When the local daily paper runs a referendum in which over two thirds of the 7,000 respondents say they don’t agree with one of your policies, most politicians would agree that it was time for a judicious and dignified u-turn! Not so the Brighton & Hove Green Party and their massively unpopular plans to raise council tax by 3.5% for each of the next 3 years. It should have been no surprise to them, therefore, that the key plank of their Budget was voted down by us and Labour at last week’s Council meeting which, incidentally, at one point in the evening, was trending worldwide on twitter!
I have been consistently critical of the Greens for announcing their tax raising plans so early on in their Administration, arguing instead for a council tax freeze from the outset. They effectively boxed themselves into a position that they were unable to get out of when the offer of £3 million in return for delivering a freeze was made by Eric Pickles in October and the public reaction to their plans became apparent.
Whilst they should have been getting their heads down and working on a responsible financial strategy, embedding value for money and joint commissioning savings in order to deliver the freeze, being a left wing party, they turned instead to the taxpayer to bail them out. The Green Party’s finance spokesman (soon to be Leader) – Cllr. Jason Kitcat – decided that, for ideological reasons, it was more important for him to take a political stand against the Government than to stand up for the residents of Brighton & Hove.
Trying to single-handedly take on Eric Pickles by urging other councils to ‘join the rebel cause’, may have won him a few votes in the Green Party Leadership election but I believe that this deliberately provocative approach has damaged the city in the long run. Does he really think that Mr Pickles and others are likely to look more favourably upon this Council with, for example, future funding applications, as a result of his stance?
Residents simply did not buy the Green’s complex arguments about ‘cliff edges’ and ‘black holes’ – our great victory in the recent Westbourne by-election proved that. What they saw instead was that by refusing the Government money, the Greens were not only penalising residents through higher bills, but they were also rejecting £3 million which could have gone into the local economy – that is £3 million in residents’ pockets that they could have been spending in the city, supporting our local businesses.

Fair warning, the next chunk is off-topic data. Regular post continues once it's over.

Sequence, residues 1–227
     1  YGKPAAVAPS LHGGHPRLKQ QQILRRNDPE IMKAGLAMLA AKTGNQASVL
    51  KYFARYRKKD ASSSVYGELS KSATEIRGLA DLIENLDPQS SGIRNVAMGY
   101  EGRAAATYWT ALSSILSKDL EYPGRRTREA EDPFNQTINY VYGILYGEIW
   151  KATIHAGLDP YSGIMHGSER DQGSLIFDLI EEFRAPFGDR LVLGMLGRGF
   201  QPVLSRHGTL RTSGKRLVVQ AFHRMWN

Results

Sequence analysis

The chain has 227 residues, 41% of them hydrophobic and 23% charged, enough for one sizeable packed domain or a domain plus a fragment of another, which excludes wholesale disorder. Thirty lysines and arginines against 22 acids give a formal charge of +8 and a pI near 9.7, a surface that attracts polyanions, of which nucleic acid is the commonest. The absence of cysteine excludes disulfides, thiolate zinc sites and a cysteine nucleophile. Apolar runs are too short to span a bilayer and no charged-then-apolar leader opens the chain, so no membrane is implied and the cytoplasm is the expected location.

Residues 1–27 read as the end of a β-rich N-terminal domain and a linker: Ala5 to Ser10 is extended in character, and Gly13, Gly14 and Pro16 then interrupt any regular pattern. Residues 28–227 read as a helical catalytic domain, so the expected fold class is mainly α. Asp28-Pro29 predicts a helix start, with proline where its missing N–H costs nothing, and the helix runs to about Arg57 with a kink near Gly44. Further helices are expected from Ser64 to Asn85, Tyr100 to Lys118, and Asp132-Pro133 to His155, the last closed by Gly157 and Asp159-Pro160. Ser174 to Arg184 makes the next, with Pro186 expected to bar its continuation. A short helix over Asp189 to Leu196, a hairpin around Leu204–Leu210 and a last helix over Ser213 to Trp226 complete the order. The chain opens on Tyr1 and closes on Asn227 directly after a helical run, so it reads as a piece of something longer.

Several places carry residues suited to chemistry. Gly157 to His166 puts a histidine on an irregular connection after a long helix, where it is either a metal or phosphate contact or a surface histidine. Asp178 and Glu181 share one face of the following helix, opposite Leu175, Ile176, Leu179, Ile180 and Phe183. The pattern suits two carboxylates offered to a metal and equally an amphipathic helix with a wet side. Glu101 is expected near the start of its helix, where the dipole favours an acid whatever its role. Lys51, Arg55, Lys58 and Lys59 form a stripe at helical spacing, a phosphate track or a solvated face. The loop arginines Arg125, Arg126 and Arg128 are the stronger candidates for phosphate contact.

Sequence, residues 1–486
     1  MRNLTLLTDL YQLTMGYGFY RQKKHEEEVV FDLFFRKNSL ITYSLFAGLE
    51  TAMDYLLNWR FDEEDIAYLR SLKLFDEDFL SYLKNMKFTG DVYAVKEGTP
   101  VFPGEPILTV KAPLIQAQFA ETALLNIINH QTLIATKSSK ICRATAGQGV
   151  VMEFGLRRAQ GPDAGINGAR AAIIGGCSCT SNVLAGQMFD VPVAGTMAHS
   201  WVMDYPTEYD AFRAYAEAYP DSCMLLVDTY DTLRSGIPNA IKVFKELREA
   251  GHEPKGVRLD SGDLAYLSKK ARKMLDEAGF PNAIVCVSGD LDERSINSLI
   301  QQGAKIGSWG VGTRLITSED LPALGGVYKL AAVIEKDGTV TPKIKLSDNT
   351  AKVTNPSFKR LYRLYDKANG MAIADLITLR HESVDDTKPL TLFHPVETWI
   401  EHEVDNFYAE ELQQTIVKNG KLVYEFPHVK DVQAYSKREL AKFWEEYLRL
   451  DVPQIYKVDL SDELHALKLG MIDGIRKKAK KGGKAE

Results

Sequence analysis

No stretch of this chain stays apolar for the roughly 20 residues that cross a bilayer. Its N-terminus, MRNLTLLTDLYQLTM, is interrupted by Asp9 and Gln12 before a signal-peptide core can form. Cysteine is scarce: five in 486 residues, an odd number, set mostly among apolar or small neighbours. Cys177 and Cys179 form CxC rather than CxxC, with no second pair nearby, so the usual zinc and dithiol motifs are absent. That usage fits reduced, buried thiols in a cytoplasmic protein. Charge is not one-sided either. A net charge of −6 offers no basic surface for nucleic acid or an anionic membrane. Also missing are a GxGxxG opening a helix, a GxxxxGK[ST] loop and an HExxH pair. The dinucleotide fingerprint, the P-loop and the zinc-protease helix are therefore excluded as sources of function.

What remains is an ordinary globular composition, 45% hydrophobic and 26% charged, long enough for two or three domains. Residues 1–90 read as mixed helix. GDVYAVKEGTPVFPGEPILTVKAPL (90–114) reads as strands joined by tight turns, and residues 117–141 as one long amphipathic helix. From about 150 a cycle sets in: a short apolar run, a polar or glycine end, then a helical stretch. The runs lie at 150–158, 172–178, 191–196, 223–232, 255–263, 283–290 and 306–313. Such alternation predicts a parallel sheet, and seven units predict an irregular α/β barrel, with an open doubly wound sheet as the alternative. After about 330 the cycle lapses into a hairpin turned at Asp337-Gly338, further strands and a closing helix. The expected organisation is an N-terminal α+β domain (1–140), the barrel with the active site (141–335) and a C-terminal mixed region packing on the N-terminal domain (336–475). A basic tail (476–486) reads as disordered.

At the Budget meeting itself, the extra savings that we and the Labour Party put forward in our separate amendments were all in areas which we firmly believe have the support of the majority of residents in the city – human resources, communications (we proposed ending the Council’s propaganda sheet – City News), senior management and not going ahead with a £150k increase in the Council’s sustainability team. We also proposed using some of the £3.2 million underspend that resulted from our last Budget to deliver permanent savings for next year – effectively putting the unspent money back in residents’ pockets rather than blowing it on new ‘pet schemes’.
We also put forward proposals, amongst other things, to reduce the amount of council taxpayer-funded Trade Union ‘facility time’ and spend it instead on reversing the Green Party’s cuts to opening hours at two local community libraries, cuts to seafront public toilets and reversing their proposed 70% increase in the cost of parking permits for traders. To their shame, both Labour and the Greens voted down these common sense proposals. At around £300,000 a year, Brighton & Hove spends the third highest out of all unitary authorities in the country on union funding and we believe that they should be paying for some, or all, of this themselves.
I am pleased for the residents of Brighton & Hove that we have managed to defeat the Greens’ plans – in these tough economic times they need all the help that we can give. The Green Administration will now have to ask themselves some fundamental questions about where they go from here. They need to remember that they are only a minority Administration and that they will have to start making compromises if they are to get anything done as we move into a new Committee system of governance. The big question is, will their grassroots membership, who control much of their policy and strategy, put up with this?
As far as the Labour party is concerned, many of their grassroots members are up in arms with their Council Group for ‘getting into bed’ with us to deliver the extra savings that enabled there to be a council tax freeze. By stark contrast, our membership and the vast majority of residents and businesses in the city are delighted that the Greens tax raising plans have been defeated!